SurveyMonkey and LeanIn.org released last week survey results that disturbingly found 60% of men are uncomfortable participating in mentoring women. For those 60% who acknowledged this, I say thank you. Because now that we know you feel this way, we can address the issue. For women to succeed and reach their full professional potential we need male mentors, sponsors, and champions. Not because male mentors are better than female mentors, but because men typically hold the majority of positions that reflect influence, power, and stronger strategic alliances. Women also tend to lack a diverse network compounding the issue even further.
So how do we raise the comfort level for men mentors and level the playing field for the advancement of women when it comes to mentoring? We must work together to make the experience comfortable and rewarding for both the mentor and the mentee. There is a good article by Wendy Murphy, Advice for Men who are Nervous About Mentoring Women, that offers several useful suggestions. And if you want a more in-depth read, try Athena Rising: How and Why Men Should Mentor Women.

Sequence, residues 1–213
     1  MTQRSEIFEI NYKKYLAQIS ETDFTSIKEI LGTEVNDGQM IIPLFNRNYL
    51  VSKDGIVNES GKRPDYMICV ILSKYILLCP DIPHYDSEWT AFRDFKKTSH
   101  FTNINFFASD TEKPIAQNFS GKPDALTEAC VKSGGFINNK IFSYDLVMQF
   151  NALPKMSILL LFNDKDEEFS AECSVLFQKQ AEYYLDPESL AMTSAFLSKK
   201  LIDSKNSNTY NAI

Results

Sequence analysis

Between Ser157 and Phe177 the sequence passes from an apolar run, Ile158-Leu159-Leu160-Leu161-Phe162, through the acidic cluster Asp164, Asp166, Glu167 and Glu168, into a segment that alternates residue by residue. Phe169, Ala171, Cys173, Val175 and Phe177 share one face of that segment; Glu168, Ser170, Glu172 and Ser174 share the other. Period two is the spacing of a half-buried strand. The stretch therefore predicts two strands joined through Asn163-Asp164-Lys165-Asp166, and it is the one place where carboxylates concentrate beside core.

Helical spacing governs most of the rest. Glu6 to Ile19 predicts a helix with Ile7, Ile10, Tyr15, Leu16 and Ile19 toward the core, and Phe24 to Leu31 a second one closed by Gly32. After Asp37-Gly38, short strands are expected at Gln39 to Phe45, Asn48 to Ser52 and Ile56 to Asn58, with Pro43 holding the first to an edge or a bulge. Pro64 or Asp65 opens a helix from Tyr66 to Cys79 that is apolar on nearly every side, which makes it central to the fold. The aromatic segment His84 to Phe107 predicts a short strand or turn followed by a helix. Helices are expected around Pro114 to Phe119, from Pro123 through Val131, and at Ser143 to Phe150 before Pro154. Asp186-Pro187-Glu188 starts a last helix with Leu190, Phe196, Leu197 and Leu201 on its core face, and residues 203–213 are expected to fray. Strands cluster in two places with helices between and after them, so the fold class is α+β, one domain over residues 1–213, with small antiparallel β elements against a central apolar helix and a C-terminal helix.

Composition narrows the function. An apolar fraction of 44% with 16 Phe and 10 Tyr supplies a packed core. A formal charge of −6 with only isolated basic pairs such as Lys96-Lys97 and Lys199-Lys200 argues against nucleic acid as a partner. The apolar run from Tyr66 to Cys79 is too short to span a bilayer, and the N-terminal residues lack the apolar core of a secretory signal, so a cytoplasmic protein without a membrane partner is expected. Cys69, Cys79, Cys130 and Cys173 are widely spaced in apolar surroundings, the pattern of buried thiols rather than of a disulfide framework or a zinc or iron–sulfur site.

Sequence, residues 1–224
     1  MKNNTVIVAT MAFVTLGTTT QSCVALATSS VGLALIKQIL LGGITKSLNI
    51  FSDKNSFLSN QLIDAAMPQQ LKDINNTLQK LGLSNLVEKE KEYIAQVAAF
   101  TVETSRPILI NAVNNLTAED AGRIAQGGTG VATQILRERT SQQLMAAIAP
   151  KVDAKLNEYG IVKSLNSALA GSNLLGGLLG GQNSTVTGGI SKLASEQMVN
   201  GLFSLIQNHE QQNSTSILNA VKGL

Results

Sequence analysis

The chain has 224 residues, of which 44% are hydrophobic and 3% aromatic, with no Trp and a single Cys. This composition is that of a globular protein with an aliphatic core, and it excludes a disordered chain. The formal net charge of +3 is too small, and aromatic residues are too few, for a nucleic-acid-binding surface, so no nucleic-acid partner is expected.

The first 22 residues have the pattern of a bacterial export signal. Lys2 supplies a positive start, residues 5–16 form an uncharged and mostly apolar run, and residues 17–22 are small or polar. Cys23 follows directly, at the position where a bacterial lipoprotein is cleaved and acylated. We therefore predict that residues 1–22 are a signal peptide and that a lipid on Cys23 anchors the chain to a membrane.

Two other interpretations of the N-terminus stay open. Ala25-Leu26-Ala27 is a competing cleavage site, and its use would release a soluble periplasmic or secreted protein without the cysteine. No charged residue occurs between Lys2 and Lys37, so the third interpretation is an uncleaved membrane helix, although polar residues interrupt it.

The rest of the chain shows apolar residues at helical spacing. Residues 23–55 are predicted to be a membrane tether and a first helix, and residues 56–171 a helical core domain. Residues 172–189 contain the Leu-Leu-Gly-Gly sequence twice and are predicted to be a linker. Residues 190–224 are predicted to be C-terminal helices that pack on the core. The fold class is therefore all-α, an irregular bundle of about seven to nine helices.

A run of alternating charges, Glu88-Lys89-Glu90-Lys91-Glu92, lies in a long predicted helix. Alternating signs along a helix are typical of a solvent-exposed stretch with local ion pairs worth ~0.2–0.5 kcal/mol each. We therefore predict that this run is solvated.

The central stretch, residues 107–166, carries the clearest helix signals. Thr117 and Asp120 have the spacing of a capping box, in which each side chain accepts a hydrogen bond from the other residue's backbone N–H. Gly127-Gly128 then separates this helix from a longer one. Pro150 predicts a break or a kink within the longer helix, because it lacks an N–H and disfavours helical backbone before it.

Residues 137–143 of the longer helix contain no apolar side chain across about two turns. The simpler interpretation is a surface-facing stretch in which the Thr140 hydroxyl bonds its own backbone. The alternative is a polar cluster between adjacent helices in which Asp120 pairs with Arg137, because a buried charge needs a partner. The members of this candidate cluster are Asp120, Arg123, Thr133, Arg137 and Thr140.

What We Have Learned
For years I watched how the inequality of mentoring opportunities among men and women hinder women’s careers. This disparity motivated me to design mentoring programs that truly address the chasm that exists for women to be mentored by men (and also mentored by women). Interestingly, we found that giving women leaders the opportunities to mentor junior men offered these mentees experiences that allowed them to reach a level of comfortability in mentoring a female when they themselves became a mentor. Additionally, as a by-product, we have seen the breakdown of unconscious bias occur naturally insides these relationships and often with better results than a one-day unconscious bias training workshop.
Slaying the elephant early helps too. By that I mean offering an opportunity early in the mentoring process to bring mentors together in an organization to discuss the nuances of men mentoring women, sharing best practices and providing a structure of mentoring that is basically non-gender specific and allows for attitudinal change.
Having this conversation about men mentoring women is important and crucial to the future of work. The reward for effective mentoring provides a company with a pipeline of well-prepared women who can advance in their careers and add to the company’s competitiveness.
Click here below download our Mentoring 101 video guide to learn the elements of a successful mentoring relationship.